On station study

The objective of this study was to assess the contribution of household surroundings towards the nutrition and performance of free range local chickens by comparing the performance of birds in the villages with those at the station. An open ground with some shrubs and natural grass and vegetation with a total area of 5122.44 m2 was selected for the study. Twelve houses each measuring 1.65x2.25 m and 22.5m apart were constructed using burnt bricks as the wall, palm leaves and a plastic sheet on the roof. Each house was designed to keep 12 birds giving a total of 144 birds for the experiment thus providing a free range stocking density of 35.6m2 per bird. A one meter high chicken wire fence was constructed along the peripheral of the study area so as to keep the chickens in and to prevent crawling predators. The experimental design and diets were similar to those used under farm conditions.

Parameters
Body weight, body weight gain and shank length

During the growing period body weight and shank length were recorded weekly until the birds were sexually mature i,e. laid their first egg. On a weighing day farmers were asked to confine the birds until they were weighed. Body weights were measured using a Silvano kitchen scale on weekly between 7.00 and 8.00 a.m. Shank length used a measure of skeletal development was measured from the hock joint end of the tibia to the beginning of the foot pad using a ruler graduated in centimeters and was recorded to the nearest 0.5 cm (Yakub et al 2009). The body parameters were recorded for 7 months and each month was designated as a period.

Egg production

Egg production parameters were recorded for 3 months (October-December). Time taken for each treatment group to reach sexual maturity and egg production was also recorded.

Number of eggs in each household was recorded daily. Hen day egg production was calculated as the number of eggs laid within a clutch divided by the number of days it took to lay the clutch and was expressed in percentage. Pause period was calculated as the number of days between the last egg within a clutch and the day the same chicken started laying the next clutch.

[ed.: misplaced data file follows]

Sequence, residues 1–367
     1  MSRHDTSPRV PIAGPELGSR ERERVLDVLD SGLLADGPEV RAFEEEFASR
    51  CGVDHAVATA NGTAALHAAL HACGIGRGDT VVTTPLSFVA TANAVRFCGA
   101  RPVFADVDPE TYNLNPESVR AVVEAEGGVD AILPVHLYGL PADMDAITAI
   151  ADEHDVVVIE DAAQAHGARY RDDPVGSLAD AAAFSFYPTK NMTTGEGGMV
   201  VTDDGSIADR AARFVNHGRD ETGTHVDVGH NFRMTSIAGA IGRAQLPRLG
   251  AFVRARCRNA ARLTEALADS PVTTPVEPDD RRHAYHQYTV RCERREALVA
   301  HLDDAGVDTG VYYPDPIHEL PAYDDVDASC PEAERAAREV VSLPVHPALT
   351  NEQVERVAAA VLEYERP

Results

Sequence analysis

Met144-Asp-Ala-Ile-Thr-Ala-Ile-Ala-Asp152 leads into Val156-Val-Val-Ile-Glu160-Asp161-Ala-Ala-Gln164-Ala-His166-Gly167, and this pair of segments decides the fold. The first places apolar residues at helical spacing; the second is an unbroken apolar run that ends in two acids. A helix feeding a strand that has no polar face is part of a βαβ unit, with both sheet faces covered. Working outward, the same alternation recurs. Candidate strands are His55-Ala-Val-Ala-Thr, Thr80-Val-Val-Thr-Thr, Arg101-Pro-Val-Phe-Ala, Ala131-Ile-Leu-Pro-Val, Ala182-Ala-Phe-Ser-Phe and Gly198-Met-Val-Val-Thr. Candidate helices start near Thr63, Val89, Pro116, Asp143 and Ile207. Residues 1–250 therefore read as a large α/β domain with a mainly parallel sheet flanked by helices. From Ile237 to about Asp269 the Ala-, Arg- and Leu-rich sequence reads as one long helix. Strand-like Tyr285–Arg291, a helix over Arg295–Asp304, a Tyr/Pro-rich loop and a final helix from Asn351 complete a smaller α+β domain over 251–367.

Shell quality

Shell thickness was used as a measure of shell quality. The eggs were first boiled air dried and the shell removed. Shell thickness including the membranes was measured on four places of the shell, the broad end, the pointed end and two middle parts from each side of the egg. The mean of the four measurements per egg was taken as the shell thickness of that egg. Shell thickness was obtained from shell with the membrane intact and measured to the nearest 0.1mm using an Ames No 25M micrometer.

Statistical analysis

The collected data were analyzed using the General Linear Model (GLM) according to SAS (2001).

Yij =μ + Fi + Sj +Lk + (FL)ik + β(Xijkl) - ) eijkl

Yij =                 Record of jth bird from ith treatment

μ =                   Overall mean

Fi  =                 Effect of ith feeding regime

Sj =                  Effect of jth sex of the bird

Lk =                        Effect of kth location

FLik =              Interaction of feeding regime and location

μ  =                  Overall mean for initial body weight, shank length and relative shank length

eijkl =                      random effect

Results

Digestibility

The chemical composition of the dietary treatments for the digestibility experiments is shown in Table 2. Variations for the chemical components were observed with season, where CP and ash were highest in the wet season.  

Table 2. Chemical composition (%) of the experimental diets (DM) for the digestibility trial

 

Chemical composition (%)

 

CP

EE

CF

Ash

NFE

ME Kcal/kg

Diet

 

 

 

 

 

 

Homemade

15.5

5.44

5.61

3.17

68.3

3620

Commercial

14.6

3.71

9.17

5.45

65.1

2604

Dry season

12

4.6

6.0

11.3

56

3198

Wet season

17.1

14.7

10.8

18.3

35.7

3021

The effect of feed type on apparent digestibility of feed components is presented in Table 3. Total feed dry matter digestibility differed significantly (P<0.001), between feeding regimes. The homemade and scavenged feed in the dry season were more digested than the commercial and scavenged feed during the wet season. Apparent DM digestibility for homemade, commercial, dry and wet season feeds was 81, 71, 79 and 67, respectively. Significant differences were also observed for CP, EE and Ash and were higher for the dry season scavenged feeds; CF digestibility was slightly higher for the homemade feed.